You will need a way to keep all of this gear with you as you move around outdoors. A backpack, shoulder pack, belt pack, or vest will help here. Perhaps a combination will work best. Items that are accessed frequently can be in the vest or belt pack, and less-often used items are stored in the backpack. For long periods of walk-around photography with a single camera, a comfortable strap may be all that you need.
There are a few other accessories that will be helpful to have with you. An air blower bulb or microfiber cloth may be needed for cleaning lenses while you are outside. A white balance reference can be handy to optimize your captures as the light changes. Portable reflectors fold down to a small size and can help to brighten shadows. If you want more lighting options consider Charlie Borland’s course on Mastering Flash Photography, which has a section on outdoor flash.
You can re-create many effects that filters provide with digital post-processing. One filter that remains indispensable and hard to duplicate is the polarizer. It can reduce atmospheric haze and glare. This improves contrast in skies and is very effective on foliage, where glare often reduces the real saturation. You can use this to remove reflections (these are also glare) from water and shoot into the water. With a DSLR where you view and focus through the lens, you should get a circular polarizer. This does not refer to the shape, but rather to the way in which the polarizing is done. A linear polarizer will interfere with the focusing and metering of these cameras. You can find out more about filters with the course Completing Your Outdoor Photography with Landscape Filters.
A useful filter for special effects is the neutral density filter. These cut back the light without affecting the color, allowing you to use long shutter speeds, creating unique images. These are available as variable filters allowing you to dial in just the right amount of light reduction. Otherwise you might need to carry a few filters of different strengths.
Be Prepared for the Weather
Outdoor photography no doubt conjures up images of extreme weather. This may offer great opportunities, but you need to be prepared. Winter photography might seem the most challenging. There are obvious concerns about saying warm. Look for today’s modern fabrics that allow the moisture to leave your skin yet keep you warm. You don’t want perspiration to moisten the inner layers of your clothing and leave you vulnerable to hypothermia.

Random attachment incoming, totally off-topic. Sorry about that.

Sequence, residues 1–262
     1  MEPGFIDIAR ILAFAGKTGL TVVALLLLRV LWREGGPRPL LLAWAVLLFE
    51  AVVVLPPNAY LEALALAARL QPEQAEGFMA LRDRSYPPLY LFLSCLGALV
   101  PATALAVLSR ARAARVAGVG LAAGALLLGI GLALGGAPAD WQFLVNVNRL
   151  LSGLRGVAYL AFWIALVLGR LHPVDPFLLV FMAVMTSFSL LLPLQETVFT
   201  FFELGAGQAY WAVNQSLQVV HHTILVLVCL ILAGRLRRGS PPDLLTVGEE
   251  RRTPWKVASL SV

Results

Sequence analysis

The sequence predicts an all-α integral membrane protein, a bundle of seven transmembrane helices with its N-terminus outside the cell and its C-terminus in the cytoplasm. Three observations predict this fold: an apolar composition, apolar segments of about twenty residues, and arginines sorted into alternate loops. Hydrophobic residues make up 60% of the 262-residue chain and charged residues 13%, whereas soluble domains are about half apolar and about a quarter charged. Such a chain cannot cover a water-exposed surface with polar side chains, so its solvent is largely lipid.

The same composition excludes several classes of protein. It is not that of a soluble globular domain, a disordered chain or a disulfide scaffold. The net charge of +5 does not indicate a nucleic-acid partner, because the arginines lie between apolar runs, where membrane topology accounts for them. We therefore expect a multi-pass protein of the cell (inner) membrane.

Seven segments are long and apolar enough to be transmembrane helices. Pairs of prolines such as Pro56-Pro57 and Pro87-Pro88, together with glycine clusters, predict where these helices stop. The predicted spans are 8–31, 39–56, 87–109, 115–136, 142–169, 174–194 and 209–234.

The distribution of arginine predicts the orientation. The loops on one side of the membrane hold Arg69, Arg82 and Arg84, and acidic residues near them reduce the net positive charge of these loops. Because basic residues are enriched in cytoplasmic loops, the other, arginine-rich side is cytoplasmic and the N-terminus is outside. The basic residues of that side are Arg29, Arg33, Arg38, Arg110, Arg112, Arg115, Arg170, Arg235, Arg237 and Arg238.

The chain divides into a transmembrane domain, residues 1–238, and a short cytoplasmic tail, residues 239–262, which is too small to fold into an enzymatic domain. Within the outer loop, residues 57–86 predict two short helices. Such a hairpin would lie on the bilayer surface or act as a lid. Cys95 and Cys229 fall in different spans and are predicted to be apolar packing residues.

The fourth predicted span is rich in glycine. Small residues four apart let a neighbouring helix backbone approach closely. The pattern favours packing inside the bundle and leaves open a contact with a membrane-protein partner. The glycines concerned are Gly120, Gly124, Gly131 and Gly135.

Cold temperatures also pose challenges to your equipment. Batteries will run down sooner in the cold. Have a way to keep them closer to your body to keep them warm until they are used. A used battery can be warmed up and regain some life. Ironically, one challenge is when you leave the cold. The warm indoor air will condense inside your cold camera and lenses. This may cause serious problems. While still outside, remove the media card, then put the camera and lenses in your bag and close it. Let them stay indoors for about an hour to slowly warm to room temperature. You took the card out so you don’t have to wait an hour to see your pictures!
Snow cover will fool your camera meter and result in underexposed pictures. For details on this and other good information, read Snow Photography: Top Tips for Stunning Pictures. Don’t let the cold weather keep you from enjoying your photography.
Another obvious weather challenge is the unexpected rainstorm. Modern electronic equipment can be ruined in an instant by water in the wrong place. There are nice rain covers you can buy, but a plastic bag can protect everything at no cost. A resealable plastic bag can be modified to provide some protection while still allowing you to shoot. Of course, be sure that you provide rain gear for yourself as well.
In summer heat, if you are moving from air conditioning to humid outdoor air, you face the reverse of the winter problem. Your cool equipment will fog up when you take it out to use it. Allow time for equipment to warm up in the bag before removing it. In extreme humidity you may need to keep cameras and lenses in resealable plastic bags with silica gel desiccant to keep them condensation-free.
These tips should leave you prepared to spend long periods of time outdoors photographing a variety of subjects. To get memorable shots, be sure to look at Jim Zuckerman’s course on 10 Steps to Dramatic Nature Photography.